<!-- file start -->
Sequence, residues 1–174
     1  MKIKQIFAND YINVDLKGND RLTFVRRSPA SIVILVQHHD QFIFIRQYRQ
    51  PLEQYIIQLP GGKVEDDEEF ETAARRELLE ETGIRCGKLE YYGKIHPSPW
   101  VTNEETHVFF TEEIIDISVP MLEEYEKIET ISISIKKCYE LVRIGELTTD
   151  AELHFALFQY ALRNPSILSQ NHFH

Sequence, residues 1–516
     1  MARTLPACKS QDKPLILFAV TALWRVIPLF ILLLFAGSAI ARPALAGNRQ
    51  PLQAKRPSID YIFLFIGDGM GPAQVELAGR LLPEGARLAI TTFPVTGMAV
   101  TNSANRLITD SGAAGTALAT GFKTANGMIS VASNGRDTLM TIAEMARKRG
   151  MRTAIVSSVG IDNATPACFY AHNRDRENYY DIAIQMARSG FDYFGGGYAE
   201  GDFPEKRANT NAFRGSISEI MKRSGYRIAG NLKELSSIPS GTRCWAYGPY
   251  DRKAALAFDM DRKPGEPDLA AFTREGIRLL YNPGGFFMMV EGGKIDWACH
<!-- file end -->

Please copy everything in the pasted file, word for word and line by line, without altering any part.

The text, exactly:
Sequence, residues 1–174
     1  MKIKQIFAND YINVDLKGND RLTFVRRSPA SIVILVQHHD QFIFIRQYRQ
    51  PLEQYIIQLP GGKVEDDEEF ETAARRELLE ETGIRCGKLE YYGKIHPSPW
   101  VTNEETHVFF TEEIIDISVP MLEEYEKIET ISISIKKCYE LVRIGELTTD
   151  AELHFALFQY ALRNPSILSQ NHFH

Sequence, residues 1–516
     1  MARTLPACKS QDKPLILFAV TALWRVIPLF ILLLFAGSAI ARPALAGNRQ
    51  PLQAKRPSID YIFLFIGDGM GPAQVELAGR LLPEGARLAI TTFPVTGMAV
   101  TNSANRLITD SGAAGTALAT GFKTANGMIS VASNGRDTLM TIAEMARKRG
   151  MRTAIVSSVG IDNATPACFY AHNRDRENYY DIAIQMARSG FDYFGGGYAE
   201  GDFPEKRANT NAFRGSISEI MKRSGYRIAG NLKELSSIPS GTRCWAYGPY
   251  DRKAALAFDM DRKPGEPDLA AFTREGIRLL YNPGGFFMMV EGGKIDWACH